From little acorns . . .

Today’s guest picture comes from my Somerset correspondent Venetia. She was passed by this fine vehicle as she was walking home from the village of Street.

We had a somewhat cooler, much greyer, and just as windy day today, but fortunately, it stayed driy as Mrs Tootlepedal and I drove up to Broomholmshiels to join Kat and the the volunteer team helping in the Tarras valley Nature Reserve.

We were set the task of spotting and marking any oak seedlings we could find among the old oaks in Longwood.

We set to work . . .

. . . and although I had thought that this might stretch my capabilities to the limit, once we had got our eye in . . .

. . .we found and marked about 100 seedlings in a remarkably short time.

The purpose of the exercise was to spot the seedlings while the grass and the bracken are short. The seedlings won’t survive where they are under the thick cover of the old oaks, so they will be transplanted. However, they can’t be transplanted at this time of year. The team will be able to spot the markers and dig up the seedlings in the winter, and then replant them elsewhere on the reserve.

As we walked back to the cars, bluebells on the open hillside showed where old woods had been cut down in the past.

When we got home, we had a cup of coffee and a blackbird posed for me.

After coffee, we trimmed the grass along the dam, and then Mrs Tootlepedal did some work in the garden, and I wandered about. I noticed that the oak seedlings from local acorns that Mrs Tootlepedal is growing in her cold frame are coming along very well.

They will be planted out too.

I spotted some new flowers, geranium, Limnanthes douglasii (poached egg flower), peony and Sweet William . . .

. . . and some old friends, azalea, choisya, ceanothus and astrantia.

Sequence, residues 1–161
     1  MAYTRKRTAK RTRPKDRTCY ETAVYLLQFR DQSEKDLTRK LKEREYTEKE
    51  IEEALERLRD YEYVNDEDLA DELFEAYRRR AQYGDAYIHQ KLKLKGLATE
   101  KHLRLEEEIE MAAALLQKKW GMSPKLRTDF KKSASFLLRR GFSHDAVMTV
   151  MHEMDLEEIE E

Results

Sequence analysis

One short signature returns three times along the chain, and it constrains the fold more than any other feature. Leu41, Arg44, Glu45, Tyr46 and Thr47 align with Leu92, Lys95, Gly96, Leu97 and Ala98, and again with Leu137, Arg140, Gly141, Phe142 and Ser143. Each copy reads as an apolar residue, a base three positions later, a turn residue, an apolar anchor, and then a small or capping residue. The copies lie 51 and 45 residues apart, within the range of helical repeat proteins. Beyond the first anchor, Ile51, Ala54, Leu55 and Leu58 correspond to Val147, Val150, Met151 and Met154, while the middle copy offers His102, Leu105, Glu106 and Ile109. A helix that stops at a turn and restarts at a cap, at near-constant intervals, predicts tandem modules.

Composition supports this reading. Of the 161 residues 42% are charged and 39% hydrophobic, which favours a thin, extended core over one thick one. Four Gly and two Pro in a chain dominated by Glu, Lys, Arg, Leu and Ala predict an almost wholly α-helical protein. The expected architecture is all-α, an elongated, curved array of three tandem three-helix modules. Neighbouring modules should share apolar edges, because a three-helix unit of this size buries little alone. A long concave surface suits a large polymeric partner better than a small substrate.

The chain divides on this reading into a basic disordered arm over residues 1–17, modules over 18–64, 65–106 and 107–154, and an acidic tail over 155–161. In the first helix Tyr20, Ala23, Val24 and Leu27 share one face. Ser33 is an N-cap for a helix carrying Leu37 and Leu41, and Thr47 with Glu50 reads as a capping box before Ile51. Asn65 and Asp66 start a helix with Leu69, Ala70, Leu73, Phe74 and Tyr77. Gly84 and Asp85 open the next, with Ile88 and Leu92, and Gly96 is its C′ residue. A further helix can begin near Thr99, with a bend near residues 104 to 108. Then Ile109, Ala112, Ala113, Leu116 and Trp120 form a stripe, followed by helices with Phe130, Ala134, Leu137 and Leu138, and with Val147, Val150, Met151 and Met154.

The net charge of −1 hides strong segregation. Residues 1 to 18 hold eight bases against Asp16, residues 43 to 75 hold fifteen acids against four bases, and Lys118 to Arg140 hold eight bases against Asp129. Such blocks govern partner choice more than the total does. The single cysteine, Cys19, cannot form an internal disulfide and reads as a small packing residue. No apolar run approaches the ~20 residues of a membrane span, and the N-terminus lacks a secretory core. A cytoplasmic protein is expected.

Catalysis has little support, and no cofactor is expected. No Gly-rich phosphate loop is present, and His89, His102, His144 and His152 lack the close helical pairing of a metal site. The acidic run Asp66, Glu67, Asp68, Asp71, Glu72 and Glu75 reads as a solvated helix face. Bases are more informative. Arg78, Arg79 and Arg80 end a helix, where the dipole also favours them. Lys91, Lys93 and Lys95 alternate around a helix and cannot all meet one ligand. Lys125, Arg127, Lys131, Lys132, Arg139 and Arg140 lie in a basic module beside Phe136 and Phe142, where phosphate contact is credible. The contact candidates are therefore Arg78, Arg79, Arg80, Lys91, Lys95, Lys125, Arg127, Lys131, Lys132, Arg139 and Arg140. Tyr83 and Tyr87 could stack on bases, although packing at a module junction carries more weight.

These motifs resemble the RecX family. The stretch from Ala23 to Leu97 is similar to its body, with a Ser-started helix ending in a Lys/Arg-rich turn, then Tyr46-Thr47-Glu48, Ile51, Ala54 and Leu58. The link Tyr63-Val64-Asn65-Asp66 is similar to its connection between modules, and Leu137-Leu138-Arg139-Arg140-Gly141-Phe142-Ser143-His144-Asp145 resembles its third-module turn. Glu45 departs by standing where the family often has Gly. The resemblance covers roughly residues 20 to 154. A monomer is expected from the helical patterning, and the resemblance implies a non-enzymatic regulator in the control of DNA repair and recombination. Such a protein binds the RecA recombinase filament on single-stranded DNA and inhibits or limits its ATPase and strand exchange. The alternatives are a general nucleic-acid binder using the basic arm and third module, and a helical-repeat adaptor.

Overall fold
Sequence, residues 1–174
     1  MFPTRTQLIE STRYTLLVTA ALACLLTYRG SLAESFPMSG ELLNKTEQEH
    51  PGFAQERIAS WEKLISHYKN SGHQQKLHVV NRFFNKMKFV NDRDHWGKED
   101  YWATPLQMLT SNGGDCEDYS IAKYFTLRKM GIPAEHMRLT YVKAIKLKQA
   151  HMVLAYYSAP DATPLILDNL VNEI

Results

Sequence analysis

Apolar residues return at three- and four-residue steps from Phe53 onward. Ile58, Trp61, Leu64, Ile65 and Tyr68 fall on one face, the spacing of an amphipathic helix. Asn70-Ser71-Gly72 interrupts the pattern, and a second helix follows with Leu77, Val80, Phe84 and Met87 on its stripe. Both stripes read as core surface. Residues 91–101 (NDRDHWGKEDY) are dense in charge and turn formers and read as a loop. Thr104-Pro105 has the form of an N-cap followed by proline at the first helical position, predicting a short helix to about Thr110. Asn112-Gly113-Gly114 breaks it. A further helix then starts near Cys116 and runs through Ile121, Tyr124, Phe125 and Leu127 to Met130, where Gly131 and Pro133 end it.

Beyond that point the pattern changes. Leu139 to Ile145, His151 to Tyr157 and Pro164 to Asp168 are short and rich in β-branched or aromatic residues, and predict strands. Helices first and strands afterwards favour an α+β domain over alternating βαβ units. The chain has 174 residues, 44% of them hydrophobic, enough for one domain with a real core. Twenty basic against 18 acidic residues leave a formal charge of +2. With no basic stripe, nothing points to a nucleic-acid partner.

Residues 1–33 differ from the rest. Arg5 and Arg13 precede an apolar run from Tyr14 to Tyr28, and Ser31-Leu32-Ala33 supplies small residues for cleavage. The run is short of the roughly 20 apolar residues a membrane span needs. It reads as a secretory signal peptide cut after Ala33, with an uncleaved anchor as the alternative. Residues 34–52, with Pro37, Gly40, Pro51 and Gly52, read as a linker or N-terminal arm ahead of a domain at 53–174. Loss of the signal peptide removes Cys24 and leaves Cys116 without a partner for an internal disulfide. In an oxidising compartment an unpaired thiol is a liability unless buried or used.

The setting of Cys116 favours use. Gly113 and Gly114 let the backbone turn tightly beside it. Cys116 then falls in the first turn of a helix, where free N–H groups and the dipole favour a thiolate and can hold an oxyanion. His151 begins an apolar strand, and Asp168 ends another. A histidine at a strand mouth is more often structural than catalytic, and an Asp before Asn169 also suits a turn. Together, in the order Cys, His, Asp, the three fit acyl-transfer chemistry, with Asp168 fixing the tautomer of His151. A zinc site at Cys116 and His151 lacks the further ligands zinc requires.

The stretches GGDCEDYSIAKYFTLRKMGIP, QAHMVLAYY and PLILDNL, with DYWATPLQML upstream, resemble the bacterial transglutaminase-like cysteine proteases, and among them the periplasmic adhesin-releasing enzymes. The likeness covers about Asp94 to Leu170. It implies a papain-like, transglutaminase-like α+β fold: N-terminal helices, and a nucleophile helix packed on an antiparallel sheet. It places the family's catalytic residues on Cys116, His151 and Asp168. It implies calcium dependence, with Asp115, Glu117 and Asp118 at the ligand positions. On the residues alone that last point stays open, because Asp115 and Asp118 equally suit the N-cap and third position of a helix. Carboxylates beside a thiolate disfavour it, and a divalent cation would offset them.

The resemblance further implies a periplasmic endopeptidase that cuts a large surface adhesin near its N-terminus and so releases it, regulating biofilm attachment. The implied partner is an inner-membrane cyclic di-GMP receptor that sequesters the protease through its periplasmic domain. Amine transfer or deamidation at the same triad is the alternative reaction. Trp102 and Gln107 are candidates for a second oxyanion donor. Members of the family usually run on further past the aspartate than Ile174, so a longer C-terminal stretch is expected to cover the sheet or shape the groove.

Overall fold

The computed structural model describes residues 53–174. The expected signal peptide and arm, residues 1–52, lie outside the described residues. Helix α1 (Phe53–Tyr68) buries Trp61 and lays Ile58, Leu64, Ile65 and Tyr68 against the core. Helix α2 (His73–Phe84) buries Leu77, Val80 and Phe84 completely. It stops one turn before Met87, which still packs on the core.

The cow parsley is blooming marvellous!

I went in and looked back out at the birds, and found a redpoll perched on the willow twigs.

The twigs are thriving and will make an excellent shelter for the bird feeder.

After lunch, I had another look at the bird feeder and found mixed company . . .

. . .and then, while Mrs Tootlepedal went off to her stitching group, I felt strong enough to brave the very brisk winds and go for a twenty mile pedal round my Canonbie route. I went the ‘wrong’ way round again, getting as much shelter as I could while pedalling into the wind. It was very grey but I stopped for a few pictures as I went round.

The natural rhododendrons are coming out . . .

. . . and some of the hawthorns are sensational. This one has a horse chestnut in the background.

Some of the farmers have already taken a cut of silage off the fields, and the birds were busy looking for worms.

I saw clover, crosswort and hawkbit in the verges . . .

. . . but the most interesting thing that I encountered was this pine.

I have passed this way many times and never noticed it before. It was hard to miss today.

I have no idea what sort of pine it is and would welcome suggestions. Google thinks that it might be Pinus Massoniana, a native of Taiwan!

I got back just as Mrs Tootlepedal returned from her stitching, and we had a cup of tea. The weather was getting gloomier and gloomier, so I had a last look round the garden before the rain started.